An ongoing question among skeptics is whether the data speeds promised by big ISPs are actually delivered. In New York, the Attorney General has weighed in with his answer – in the form of a lawsuit.
The AG, Eric Schneiderman, this week sued Charter and its Time Warner Cable subsidiary. The company, the suit says, "allegedly conduct[ed] a deliberate scheme to defraud and mislead New Yorkers by promising Internet service that they knew they could not deliver," according to Ars Technica.https://o1.qnsr.com/log/p.gif?;n=203;c=204663295;s=11915;x=7936;f=201904081034270;u=j;z=TIMESTAMP;a=20410779;e=i
The story says that the state conducted a 16-month investigation and found that the premium plans promising services of 100 Megabits per second (Mbps), 200 Mbps and 300 Mbps were in reality as much 70 percent slower. The suit says that the bad behavior dates from 2012 – before Charter acquired Time Warner Cable – to the present.
Could Net Neutrality, in Some Form, Survive?
The assumption when Ajit Pai was named Chairman of the Federal Communications Commission (FCC) by President Trump was that net neutrality rules put in place during the previous administration were certain to change. That is still likely so, but the new top man may be finding that change is not easy.
Pai, who had earlier said that his desire was to use a weed whacker on the net neutrality rules, is being more circumspect, according to Computerworld, which reported that Pai wouldn’t say what is in store for net neutrality, and suggested that Congress may take it upon itself to settle the issue:
Lawmakers will likely push for legislation, similar to a proposal from early 2015, that would write basic net neutrality protections into law, Senator John Thune, the Republican chairman of the Senate Commerce, Science, and Transportation Committee, said recently. A law passed by Congress would supersede any actions taken at the FCC.
Pai’s reluctance to speak overtly and Congress’ possible action suggest that net neutrality could survive. Whether it does so in anything resembling today’s form is still a long shot, however.
Bad News Continues for Tablets
The end of 2016 brought no good news for the tablet sector as IDC reports that it experienced its ninth consecutive quarterly decline.
The firm found that during the fourth quarter, 52.9 million tablets were shipped, which was 20.1 percent less than the year-ago quarter. For the year, shipments were 174.8 million, a decline of 15.6 compared to 2015. Commentary in the press release is that traditional tablets – those without detachable keyboards – are in decline globally.
The top five vendors (in order, Apple, Samsung, Amazon, Lenovo and Huawei) had mixed results. Apple shipped 16.1 million devices during the fourth quarter of 2015 and 13.1 million during the fourth quarter of last year. Samsung also declined. It shipped 9 million in the fourth of 2015 and 8 million in 2016.
There were two winners: Huawei gained 1 million, from 2.2 million to 3.2 million last year, and Lenovo upped shipments from 3.2 million to 3.7 million between the two years’ fourth quarters. Amazon stayed at 5.2 million devices shipped in both year’s fourth quarters.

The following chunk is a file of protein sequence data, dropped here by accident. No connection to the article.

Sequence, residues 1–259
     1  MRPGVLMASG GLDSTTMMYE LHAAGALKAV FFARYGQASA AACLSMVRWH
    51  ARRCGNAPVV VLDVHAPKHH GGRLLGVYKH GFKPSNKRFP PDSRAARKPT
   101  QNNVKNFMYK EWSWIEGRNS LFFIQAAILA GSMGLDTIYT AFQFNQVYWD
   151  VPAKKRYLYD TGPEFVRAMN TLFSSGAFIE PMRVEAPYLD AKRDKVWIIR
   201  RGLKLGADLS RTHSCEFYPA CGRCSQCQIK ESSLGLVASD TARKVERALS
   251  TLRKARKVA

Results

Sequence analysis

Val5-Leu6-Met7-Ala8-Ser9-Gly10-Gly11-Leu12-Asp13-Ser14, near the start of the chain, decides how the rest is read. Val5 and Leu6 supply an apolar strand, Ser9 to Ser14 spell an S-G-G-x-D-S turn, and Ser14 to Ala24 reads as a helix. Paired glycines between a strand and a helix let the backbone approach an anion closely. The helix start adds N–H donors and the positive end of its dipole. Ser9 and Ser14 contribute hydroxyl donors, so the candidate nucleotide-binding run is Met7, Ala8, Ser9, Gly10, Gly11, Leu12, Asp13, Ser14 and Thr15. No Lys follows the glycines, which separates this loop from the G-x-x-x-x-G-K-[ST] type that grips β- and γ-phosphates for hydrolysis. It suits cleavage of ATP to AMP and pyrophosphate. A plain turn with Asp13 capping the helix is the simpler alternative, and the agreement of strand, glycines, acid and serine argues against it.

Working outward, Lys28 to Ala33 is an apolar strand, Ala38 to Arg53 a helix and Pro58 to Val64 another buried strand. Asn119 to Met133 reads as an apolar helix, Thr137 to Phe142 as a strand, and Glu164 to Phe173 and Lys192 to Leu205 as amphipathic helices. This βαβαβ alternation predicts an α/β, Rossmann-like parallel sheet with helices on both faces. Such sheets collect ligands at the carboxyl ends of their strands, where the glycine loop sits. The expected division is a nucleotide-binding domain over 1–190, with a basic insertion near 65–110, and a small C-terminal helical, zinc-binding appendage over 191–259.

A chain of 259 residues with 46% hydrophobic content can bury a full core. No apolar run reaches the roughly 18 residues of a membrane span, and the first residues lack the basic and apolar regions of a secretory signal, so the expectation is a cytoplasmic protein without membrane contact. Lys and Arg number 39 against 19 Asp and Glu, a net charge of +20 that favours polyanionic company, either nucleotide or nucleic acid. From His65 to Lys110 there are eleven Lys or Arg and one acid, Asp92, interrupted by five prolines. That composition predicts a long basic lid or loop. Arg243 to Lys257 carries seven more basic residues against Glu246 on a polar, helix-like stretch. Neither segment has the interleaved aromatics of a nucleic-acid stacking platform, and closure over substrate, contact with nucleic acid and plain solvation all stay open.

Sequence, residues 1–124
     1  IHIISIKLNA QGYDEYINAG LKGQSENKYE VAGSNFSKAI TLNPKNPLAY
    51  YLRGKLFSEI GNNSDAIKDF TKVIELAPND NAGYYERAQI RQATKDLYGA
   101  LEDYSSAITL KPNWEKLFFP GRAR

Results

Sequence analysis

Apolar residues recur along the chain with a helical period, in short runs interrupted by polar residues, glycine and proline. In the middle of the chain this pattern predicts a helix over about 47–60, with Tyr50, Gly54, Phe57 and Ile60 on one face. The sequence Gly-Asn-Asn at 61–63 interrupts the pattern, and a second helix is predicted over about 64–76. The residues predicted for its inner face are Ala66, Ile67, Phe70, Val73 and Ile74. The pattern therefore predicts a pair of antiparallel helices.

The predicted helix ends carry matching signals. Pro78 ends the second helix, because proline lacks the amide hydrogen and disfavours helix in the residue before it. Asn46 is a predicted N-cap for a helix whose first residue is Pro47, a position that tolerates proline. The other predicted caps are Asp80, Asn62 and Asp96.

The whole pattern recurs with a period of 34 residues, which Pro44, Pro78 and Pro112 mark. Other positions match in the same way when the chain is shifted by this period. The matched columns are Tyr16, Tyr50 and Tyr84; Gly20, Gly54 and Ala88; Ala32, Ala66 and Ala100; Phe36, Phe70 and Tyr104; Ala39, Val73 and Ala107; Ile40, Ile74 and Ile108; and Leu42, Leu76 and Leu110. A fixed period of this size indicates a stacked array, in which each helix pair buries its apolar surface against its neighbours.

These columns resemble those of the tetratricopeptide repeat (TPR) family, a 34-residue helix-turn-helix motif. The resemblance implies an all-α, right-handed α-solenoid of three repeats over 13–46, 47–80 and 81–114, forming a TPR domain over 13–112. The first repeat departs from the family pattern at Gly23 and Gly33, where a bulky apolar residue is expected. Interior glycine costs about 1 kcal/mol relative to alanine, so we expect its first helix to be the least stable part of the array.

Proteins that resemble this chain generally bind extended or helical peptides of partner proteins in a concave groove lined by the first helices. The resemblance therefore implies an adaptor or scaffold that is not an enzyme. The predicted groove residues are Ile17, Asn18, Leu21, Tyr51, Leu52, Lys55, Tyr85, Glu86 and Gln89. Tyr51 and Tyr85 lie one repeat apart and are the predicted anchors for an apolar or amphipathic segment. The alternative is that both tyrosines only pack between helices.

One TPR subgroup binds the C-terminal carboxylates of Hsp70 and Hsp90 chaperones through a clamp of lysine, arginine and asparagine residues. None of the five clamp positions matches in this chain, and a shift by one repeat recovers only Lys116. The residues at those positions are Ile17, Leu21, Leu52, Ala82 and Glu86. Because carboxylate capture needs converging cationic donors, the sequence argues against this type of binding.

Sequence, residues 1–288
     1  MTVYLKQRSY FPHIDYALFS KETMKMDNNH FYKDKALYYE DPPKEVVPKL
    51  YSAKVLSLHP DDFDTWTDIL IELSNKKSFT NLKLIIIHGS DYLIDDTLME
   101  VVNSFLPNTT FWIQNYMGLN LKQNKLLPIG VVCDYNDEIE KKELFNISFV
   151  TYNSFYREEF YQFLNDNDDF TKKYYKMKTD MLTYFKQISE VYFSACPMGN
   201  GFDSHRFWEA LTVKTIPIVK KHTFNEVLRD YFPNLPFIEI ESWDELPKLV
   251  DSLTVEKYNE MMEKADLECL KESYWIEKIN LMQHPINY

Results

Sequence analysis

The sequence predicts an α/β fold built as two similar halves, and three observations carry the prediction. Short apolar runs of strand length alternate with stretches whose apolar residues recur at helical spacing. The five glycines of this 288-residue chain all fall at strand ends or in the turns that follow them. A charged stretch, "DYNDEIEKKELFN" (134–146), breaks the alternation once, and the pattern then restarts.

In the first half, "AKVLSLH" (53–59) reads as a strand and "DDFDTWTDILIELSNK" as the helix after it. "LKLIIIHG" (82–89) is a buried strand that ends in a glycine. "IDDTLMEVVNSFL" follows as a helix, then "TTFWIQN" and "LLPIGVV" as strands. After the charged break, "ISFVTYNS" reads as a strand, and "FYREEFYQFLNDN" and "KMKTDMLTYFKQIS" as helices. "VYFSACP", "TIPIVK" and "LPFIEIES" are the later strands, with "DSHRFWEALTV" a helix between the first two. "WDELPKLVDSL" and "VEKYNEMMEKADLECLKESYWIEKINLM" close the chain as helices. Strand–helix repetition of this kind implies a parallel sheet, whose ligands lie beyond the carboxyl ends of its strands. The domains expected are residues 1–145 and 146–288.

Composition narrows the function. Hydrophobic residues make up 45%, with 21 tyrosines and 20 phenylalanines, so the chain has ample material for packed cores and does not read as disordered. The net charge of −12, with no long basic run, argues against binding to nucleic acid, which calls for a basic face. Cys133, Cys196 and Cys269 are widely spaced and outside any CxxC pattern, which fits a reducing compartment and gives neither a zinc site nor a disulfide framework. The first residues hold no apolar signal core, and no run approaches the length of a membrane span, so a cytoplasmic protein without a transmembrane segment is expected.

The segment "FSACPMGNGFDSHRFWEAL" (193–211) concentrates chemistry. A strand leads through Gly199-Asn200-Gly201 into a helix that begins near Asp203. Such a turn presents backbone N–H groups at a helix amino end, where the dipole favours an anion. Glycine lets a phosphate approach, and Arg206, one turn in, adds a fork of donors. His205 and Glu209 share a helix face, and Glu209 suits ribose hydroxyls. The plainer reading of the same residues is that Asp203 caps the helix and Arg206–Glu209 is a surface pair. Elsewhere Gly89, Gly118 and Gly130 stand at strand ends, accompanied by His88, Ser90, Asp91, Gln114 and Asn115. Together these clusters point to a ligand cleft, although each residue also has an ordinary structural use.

The “other” category lost a great deal: It shrunk from 30.5 million tablets shipped in the fourth quarter of 2015 to 19.8 million during last year’s fourth quarter.
Organizations to Follow Voluntary Privacy Rules
A number of ISPs and other companies have pledged to adhere to a set of privacy principles without regard to ongoing action by the FCC. The rules, WirelessWeek says, were written by the Federal Trade Commission (FTC) and were “the law of the land” before the FCC acted on privacy issues last year. They seem to focus on simplicity and directness:
They include commitments to transparency in providing customers with clear, comprehensible, and accurate notice about the data collected, how it’s used, and what is shared with third parties; data security to protect the information collected; and sending out notifications “without unreasonable delay” when data breaches occur.
Companies and groups saying that they will follow the guidelines include Verizon, AT&T, T-Mobile, the CTIA, Comcast, Charter, USTelecom, the Wireless Internet Service Providers Association and WTA-Advocates for Rural Broadband.
Globalstar Gets Go-Ahead from the FCC
Globalstar has been given the all-clear by the FCC to create a terrestrial broadband network in the 2.4 GHz spectrum that it holds, according to TVTechnology.
The spectrum is between 2.4835 and 2.495 GHz. The December Report & Order from the FCC says that no Broadcast Auxiliary Spectrum operations will need to move. The order, according to the story, does not address other requests from Globalstar. StreetInsider reports that GlobalStar has asked for permission to provide services in three countries.
Carl Weinschenk covers telecom for IT Business Edge. He writes about wireless technology, disaster recovery/business continuity, cellular services, the Internet of Things, machine-to-machine communications and other emerging technologies and platforms. He also covers net neutrality and related regulatory issues. Weinschenk has written about the phone companies, cable operators and related companies for decades and is senior editor of Broadband Technology Report. He can be reached at firstname.lastname@example.org and via twitter at @DailyMusicBrk.